Features of the use of medicines

The effect of a drug on the body can change under the influence of many factors. We list the main ones that quantitatively and qualitatively change the effect of drugs:

– Physiological factors.

– Features of individual pharmacokinetics of drugs.

– The time of taking medications depending on the intake and nature of the food, the influence of environmental factors.

-Genetic factors affecting drug bioavailability and efficacy.

-Drug interactions when taking multiple medications.

– Concomitant pathological changes in organs (liver, kidneys, gastrointestinal tract).

– The sensitivity of the patient to the drug.

-Compliance of the patient to the treatment prescribed by the doctor.

The genetic characteristics of the organism. Newborns and the elderly are more sensitive to the action of many drugs than middle-aged people. A genetically determined enzyme deficiency can cause unusual drug reactions (idiosyncrasy).

Body weight. In some cases, for greater accuracy, the dosage of medicinal substances is based on 1 kg of weight or body area. This is especially true for children in the first year of life.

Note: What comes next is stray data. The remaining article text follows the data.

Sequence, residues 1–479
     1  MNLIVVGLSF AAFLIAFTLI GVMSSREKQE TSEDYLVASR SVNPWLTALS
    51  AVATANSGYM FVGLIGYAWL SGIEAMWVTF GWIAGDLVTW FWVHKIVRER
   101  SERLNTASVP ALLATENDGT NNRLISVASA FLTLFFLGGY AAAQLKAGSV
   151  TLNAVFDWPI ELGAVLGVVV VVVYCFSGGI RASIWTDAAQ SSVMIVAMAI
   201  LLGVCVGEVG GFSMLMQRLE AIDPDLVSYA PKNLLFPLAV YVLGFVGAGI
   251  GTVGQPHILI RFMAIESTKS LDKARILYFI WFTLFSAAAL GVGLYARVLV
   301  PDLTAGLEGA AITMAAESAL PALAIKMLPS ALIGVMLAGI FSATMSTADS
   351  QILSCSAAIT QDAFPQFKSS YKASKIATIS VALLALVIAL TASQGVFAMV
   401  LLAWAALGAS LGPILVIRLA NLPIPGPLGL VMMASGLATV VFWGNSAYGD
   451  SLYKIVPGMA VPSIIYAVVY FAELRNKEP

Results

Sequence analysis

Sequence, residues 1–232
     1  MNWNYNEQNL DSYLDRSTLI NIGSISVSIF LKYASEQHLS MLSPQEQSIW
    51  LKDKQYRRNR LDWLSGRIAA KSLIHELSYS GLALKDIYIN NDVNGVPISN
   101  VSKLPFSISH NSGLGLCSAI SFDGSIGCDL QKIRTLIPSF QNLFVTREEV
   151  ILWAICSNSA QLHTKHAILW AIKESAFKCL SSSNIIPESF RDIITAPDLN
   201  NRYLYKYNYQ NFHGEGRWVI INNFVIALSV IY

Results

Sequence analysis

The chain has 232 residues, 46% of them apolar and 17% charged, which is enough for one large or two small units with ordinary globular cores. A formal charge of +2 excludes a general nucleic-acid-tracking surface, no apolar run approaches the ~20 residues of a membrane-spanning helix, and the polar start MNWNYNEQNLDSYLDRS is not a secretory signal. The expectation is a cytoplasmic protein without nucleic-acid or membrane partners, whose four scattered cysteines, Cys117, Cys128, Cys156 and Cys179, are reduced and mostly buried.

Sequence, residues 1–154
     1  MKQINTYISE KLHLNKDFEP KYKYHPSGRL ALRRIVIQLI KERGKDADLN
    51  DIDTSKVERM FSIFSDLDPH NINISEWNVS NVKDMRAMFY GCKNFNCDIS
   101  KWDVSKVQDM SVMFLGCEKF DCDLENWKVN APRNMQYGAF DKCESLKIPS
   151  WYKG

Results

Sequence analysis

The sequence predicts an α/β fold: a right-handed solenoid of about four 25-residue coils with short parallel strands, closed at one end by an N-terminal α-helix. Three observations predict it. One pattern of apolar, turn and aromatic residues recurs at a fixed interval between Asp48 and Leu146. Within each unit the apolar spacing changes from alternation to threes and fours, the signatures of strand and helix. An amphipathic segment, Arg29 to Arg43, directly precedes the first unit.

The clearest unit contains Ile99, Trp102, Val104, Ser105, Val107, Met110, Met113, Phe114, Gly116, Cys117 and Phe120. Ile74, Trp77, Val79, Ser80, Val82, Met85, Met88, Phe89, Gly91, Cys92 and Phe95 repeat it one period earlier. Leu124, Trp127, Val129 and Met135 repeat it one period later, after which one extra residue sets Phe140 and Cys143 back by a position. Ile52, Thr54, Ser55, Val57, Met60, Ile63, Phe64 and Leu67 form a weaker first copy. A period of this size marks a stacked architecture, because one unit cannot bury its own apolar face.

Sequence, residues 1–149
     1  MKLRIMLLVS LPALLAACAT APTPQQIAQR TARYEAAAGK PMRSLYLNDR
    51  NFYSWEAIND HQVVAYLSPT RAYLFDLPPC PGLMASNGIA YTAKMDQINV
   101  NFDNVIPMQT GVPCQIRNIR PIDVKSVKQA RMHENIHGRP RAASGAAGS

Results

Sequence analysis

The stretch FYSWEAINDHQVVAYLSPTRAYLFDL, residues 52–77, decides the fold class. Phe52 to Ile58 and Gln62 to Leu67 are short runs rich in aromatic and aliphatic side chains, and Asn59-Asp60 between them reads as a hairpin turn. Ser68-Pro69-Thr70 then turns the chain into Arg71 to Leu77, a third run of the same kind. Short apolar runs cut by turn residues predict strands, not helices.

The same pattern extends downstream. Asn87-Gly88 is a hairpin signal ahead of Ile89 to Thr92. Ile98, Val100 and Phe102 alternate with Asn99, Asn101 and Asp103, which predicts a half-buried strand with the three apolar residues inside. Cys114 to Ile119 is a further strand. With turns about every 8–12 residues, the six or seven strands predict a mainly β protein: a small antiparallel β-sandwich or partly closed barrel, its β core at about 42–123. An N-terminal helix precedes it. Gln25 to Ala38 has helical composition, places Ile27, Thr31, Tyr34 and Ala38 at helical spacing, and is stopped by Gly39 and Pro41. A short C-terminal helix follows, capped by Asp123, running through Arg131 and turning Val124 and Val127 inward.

individual sensitivity. Sensitivity to drugs in humans varies greatly. For some, it may be too high.

Age. The sensitivity of children to drug-induced changes in water and electrolyte metabolism, acid-base balance is subject to some fluctuations, therefore, depending on age, the dosage of drugs changes accordingly.

Elderly patients may respond unusually due to disturbances in the distribution, inactivation and excretion of the drug due to age-related anatomical and physiological changes in the body, as well as due to concomitant diseases. Therefore, dosing drugs for patients of elderly and senile age should be strictly individual.

Nutrition value. Taking drugs orally (by mouth) is the most natural way to use medications: solutions, emulsions, suspensions, mixtures, tablets, dragees, capsules, etc. One of its drawbacks is the inability to quickly provide and maintain the required concentration of drugs in the body. Under the influence of gastric juices, enzymes, food masses, a number of drugs are partially inactivated, adsorbed, and enter into chemical interaction.

On the other hand, the food mass protects the mucous membrane of the gastrointestinal tract from the irritating effect of many medications. Therefore, the time of oral administration of drugs is important in relation to food intake, the dosage form of drugs, as well as the composition of products, their physicochemical properties.